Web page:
California is a huge state. Every time we visit we over-estimate how much we can accomplish. This month we visited the Central Coast of California which consists of Monterey, San Luis Obispo, Santa Barbara, and Ventura Counties. We narrowed it down to San Luis Obispo County, which is a whopping 3,616 square miles. In the spirit of realistic expectations, here are 6 ways to enjoy San Luis Obispo county.
Hike San Luis Obispo County
When planning any trip I search online for hiking in the region. San Luis Obispo County was full of possibilities. We stayed in Morro Bay and the Montana de Oro State Park seemed close on the map. First I found the 9 best SLO coastal hikes, featured among the 9 were three hikes in Montana de Oro SP. Then I reached out to my fellow blogger from California, Suzanne Stavert at adventuresofemptynesters.com and she called this state park a “must-do”. Finally, I received tips from a representative at Visit San Luis Obispo County and they also recommended Montana de Oro SP.
Sounds like enough endorsements for me.
Montana de Oro State Park
This park lived up to all the positive reviews. It covers 8000 acres with seven miles of coastline. There are numerous trails for hiking, biking, horse back riding, and even an ADA accessible path for several miles along the shoreline. There are primitive camp sites and picnic areas. Its sandy beaches, dramatic bluffs and deep tide pools make it a perfect destination for fishermen, surfers, beach combers, and of course photographers. Montaña de Oro is one of the largest state parks in California. Be sure to visit even if you are not hikers. All ages will love the spectacular vistas, ocean breezes and pounding surf.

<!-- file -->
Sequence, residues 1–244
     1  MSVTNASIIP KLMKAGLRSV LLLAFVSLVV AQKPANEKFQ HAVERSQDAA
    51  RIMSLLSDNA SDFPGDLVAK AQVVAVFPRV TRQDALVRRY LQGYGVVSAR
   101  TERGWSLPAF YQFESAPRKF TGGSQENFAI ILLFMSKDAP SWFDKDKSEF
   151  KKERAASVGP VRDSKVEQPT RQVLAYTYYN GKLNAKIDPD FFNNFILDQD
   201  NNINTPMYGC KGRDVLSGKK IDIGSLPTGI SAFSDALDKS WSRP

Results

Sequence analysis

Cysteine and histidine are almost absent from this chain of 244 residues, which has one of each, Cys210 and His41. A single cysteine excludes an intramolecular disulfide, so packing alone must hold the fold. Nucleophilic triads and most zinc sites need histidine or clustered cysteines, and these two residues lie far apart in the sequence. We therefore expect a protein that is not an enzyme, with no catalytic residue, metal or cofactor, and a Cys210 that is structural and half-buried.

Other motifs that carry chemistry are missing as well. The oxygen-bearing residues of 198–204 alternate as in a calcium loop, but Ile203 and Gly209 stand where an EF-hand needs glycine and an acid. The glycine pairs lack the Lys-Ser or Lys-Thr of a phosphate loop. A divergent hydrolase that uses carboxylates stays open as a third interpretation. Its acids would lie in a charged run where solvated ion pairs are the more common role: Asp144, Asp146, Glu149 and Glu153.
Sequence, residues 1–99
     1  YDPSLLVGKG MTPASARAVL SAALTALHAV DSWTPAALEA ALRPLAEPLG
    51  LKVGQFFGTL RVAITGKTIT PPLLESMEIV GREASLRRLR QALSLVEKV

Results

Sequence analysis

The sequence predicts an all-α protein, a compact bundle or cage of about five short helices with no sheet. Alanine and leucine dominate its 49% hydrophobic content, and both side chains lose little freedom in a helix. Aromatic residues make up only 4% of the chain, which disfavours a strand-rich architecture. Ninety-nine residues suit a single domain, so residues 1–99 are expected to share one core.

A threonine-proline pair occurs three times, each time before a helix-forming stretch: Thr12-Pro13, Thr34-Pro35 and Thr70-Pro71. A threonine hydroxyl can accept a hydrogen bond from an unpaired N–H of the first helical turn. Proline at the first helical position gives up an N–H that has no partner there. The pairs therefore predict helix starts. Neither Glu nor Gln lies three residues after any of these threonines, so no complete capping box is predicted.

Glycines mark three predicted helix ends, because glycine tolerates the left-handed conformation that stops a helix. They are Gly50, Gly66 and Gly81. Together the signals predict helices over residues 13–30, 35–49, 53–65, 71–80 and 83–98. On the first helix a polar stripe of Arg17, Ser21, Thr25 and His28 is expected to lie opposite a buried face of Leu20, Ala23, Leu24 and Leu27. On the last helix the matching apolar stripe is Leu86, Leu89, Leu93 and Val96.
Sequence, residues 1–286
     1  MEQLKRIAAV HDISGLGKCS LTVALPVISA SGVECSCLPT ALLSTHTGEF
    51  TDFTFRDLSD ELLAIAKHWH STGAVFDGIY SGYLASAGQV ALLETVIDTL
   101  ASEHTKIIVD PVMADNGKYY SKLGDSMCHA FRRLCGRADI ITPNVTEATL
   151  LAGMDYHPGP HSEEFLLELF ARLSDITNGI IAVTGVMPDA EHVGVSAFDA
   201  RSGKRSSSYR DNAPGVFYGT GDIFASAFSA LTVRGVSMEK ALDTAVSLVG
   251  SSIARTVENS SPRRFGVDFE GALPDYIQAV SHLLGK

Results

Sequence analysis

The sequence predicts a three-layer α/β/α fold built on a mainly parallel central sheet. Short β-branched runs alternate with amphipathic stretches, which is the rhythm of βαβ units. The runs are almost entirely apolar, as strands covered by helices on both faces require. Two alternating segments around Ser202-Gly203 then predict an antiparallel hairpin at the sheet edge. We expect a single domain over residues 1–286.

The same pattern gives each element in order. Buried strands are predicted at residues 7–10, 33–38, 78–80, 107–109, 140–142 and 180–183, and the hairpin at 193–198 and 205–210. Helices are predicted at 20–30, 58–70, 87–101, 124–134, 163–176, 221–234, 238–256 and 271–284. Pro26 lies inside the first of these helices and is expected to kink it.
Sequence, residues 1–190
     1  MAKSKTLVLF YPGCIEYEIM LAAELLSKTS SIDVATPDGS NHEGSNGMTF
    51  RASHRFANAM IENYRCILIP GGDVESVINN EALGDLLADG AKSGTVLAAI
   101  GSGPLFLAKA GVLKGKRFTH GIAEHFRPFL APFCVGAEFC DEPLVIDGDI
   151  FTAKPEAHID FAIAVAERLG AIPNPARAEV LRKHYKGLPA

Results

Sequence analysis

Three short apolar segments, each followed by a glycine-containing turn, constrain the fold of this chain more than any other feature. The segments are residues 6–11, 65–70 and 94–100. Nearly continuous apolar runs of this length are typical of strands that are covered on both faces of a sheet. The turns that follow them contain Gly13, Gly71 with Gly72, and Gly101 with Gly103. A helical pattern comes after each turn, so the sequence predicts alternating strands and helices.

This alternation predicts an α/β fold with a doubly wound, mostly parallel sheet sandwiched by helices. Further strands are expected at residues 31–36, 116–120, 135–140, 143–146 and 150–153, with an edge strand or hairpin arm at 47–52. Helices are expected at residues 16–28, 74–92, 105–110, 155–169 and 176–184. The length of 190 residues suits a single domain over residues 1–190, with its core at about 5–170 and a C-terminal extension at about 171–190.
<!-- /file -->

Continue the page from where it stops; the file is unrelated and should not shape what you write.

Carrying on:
Valencia Peak Trail
We chose the Valencia Peak Trail. It was a narrow trail of 4.2 miles round trip with a moderately rigorous climb of 1275 feet in elevation change. Thanks to the constant ocean breezes it was not terribly hot but water is always recommended. The views along the trail were wonderful and due to this year’s wet spring the wildflowers were a special treat.
Kayak in San Luis Obispo County
Morro Bay is a small protected harbor teeming with marine and bird species. The waters inside the bay are shallow and calm. It is set as a marine protected area designed to preserve ocean wildlife and marine ecosystems. These conditions make it a perfect spot for kayaks or SUPs.
Kayak in Morro Bay
There are outfitters available in both towns of Morro Bay on the north end, and Los Osos on the south end (AKA as the Back Bay). First thing in the morning it is quiet except for the wildlife and birds. It is often shrouded in the marine fog layer and an ethereal experience.
Kayak at Avila Beach
Unfortunately we didn’t have time to kayak at Avila Beach but it is an adorable little beach town that I will discuss in the next section. Avila Beach Paddlesports offers paddling tours of the Point San Luis Lighthouse. We tried to drive to the lighthouse and discovered that you had to have a tour to visit. A kayak tour would be a wonderful way to get to this lighthouse. Next visit I will remember this..
Beaches in San Luis Obispo
Before discussing any specific beaches I must say that the Central Coast in May is pretty windy and cool. It was perfect weather for hiking and kayaking but laying in a bikini or splashing in the ocean did not feel appealing to me. We don’t usually just lay on a beach anyway so if you want to walk in the surf or beachcomb these are some great beaches.